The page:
November 07, 2016
A Virtual Playground: Gameplay and Locomotion in Robinson: The Journey
By the Game Design and Programming Team (Contributors: Niklas Walenski, Game Designer and Niels Stoelinga, Gameplay Programmer)
Try everything. Keep only the very best ideas. Make the game
you've always wanted to play.
That, in a nutshell, has been the development philosophy behind Robinson: The Journey. Rather than use every VR feature just because ooh, shiny new tech!, the team carefully prototyped and considered each element of gameplay and locomotion and kept only the most intuitive, natural, and fun.
It's a trap you can easily fall into with a new medium where you feel like you have to use all the new features just because they're there, even though sometimes they aren't the ideal choice. So that is something we've been aware of, and we always try to push back against. If it feels good, we use it, and if it feels wrong, we try something else. We wanted Robinson to be more than a tech demo for a new medium. Locomotion—a key mechanic in any game focused on exploration, and one of the biggest challenges of creating VR—was a problem we solved early on.
This was the first VR game we've created with full locomotion, and so we tackled the challenge at the very start and locked the movement schemes pretty early. That gave us a lot of time to polish and optimize them. With three movement settings, players can choose how they want to experience locomotion in Robinson, depending on personal preference. The game's default setting has been refined to be comfortable for all users, especially those who might be prone to motion sickness in real life.
One locomotion feature that didn't work out was sprinting. This game doesn't need a sprint feature; it actually breaks the experience. It's best if the player walks around and really looks at the world and becomes completely immersed in it. If they were running, they would miss half of the game. We decided to keep strafing, but limited strafing in order to prevent VR sickness. Climbing, zip lines, and a quick travel function will also get you around the Robinson map.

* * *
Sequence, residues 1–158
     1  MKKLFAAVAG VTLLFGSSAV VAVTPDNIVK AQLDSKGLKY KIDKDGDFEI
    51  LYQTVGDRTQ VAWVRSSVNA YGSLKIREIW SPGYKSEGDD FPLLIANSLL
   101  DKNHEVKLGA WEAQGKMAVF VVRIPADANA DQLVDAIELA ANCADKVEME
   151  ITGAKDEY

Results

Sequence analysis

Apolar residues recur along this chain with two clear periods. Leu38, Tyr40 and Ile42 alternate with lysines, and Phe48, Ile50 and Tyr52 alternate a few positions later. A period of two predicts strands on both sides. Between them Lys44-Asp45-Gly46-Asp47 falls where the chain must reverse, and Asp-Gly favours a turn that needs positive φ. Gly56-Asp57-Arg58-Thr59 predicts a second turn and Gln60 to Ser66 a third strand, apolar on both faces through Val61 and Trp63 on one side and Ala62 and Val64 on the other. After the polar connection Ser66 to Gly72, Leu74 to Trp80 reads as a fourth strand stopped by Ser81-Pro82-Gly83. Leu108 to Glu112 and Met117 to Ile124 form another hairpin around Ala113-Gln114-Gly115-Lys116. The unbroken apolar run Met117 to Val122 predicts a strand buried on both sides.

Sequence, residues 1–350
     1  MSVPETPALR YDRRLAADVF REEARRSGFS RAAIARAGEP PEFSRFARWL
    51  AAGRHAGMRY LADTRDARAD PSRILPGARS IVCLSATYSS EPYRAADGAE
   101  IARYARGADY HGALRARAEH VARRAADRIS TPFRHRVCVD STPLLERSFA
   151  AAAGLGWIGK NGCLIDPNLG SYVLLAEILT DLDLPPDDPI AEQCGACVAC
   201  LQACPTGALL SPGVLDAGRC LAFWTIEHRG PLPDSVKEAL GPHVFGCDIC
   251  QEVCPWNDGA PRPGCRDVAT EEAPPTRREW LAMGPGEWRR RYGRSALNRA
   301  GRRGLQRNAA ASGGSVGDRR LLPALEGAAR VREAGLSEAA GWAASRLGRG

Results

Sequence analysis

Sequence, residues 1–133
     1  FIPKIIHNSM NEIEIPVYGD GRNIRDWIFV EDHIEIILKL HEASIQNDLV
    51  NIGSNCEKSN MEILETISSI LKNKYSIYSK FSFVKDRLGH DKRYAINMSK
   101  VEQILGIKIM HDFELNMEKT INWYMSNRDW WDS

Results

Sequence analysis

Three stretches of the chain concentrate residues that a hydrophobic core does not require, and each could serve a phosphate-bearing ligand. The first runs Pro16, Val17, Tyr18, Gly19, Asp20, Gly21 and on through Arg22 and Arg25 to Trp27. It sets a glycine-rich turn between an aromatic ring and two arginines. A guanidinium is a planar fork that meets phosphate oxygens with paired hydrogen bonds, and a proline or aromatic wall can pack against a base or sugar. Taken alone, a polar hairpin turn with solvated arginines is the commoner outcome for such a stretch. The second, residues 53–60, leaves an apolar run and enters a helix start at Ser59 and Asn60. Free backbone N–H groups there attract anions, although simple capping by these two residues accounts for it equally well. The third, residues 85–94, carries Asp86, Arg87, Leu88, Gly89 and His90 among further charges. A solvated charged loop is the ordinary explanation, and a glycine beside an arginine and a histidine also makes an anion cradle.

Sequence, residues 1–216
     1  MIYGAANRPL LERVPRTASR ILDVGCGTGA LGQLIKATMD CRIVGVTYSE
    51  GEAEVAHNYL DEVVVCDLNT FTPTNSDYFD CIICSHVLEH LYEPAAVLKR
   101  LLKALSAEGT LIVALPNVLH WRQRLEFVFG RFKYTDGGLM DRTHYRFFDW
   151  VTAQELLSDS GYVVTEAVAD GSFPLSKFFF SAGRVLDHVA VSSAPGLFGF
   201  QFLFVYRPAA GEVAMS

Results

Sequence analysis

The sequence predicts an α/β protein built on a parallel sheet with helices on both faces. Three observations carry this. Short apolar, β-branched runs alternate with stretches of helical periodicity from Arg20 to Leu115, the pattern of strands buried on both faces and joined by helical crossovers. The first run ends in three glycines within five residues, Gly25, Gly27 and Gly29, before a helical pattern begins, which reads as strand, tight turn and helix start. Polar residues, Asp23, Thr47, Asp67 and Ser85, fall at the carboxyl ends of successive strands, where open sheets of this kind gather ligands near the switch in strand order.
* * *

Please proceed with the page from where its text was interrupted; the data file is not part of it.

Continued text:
A playful adventure
As VR shaped development choices around locomotion, it also shaped the gameplay. VR players tend to like to explore, to slow down, and really examine the world, so we designed the gameplay around those tendencies. You can fish and climb, puzzle and play, complete achievements and earn trophies, or just walk around exploring the gorgeous landscape and following the flow of the story.
Some puzzles can only be solved via HIGS view, which allows you to see the world from above through the eyes of your robot companion. The search for answers about the crash drives the story—and your character—forward, but ultimately it is the spirit of adventure, curiosity, and exploration that propel the character through the spectacular landscapes of Tyson III.
We wanted the players to take in all the beautiful scenery of the planet where Robinson takes place. We wanted them to stop and really look at the world, and to think about how things got where they are and what that means for the story.
Though you don't have to complete them to finish the story in the game, Robinson also includes a number of mini games like playing hide and seek or fetch with your dinosaur companion. Laika is Robin's only real friend—HIGS is a robot and more of a father figure—and it is so much fun to watch her dash around during a game of fetch or to play hide and seek with her.
With the focus on exploration and adventure, there has been a tendency in the industry to refer to a VR title as an experience rather than a game. But we think the scope of the game is way too big to call an experience. I think you could call the Back to Dinosaur Island demos we did an experience, but in the game there is so much depth, interaction, and, well, gameplay.
We wanted the player to feel amazement and wonder, to feel a range of emotions, to interact with the world and the other characters, to solve puzzles, and above all, to explore. It is an experience, and one you won't forget. But it is also a game. The two aren't mutually exclusive.
We want players to take their time exploring the details of the world, so we made sure there was plenty to discover. But it isn't a dense action game, which is what you might expect from Crytek. It's calmer. There are moments of intense action, but Robinson is more about exploration and puzzles and not so much about quick movement or rapid fire gunplay. It is about intensity rather than speed.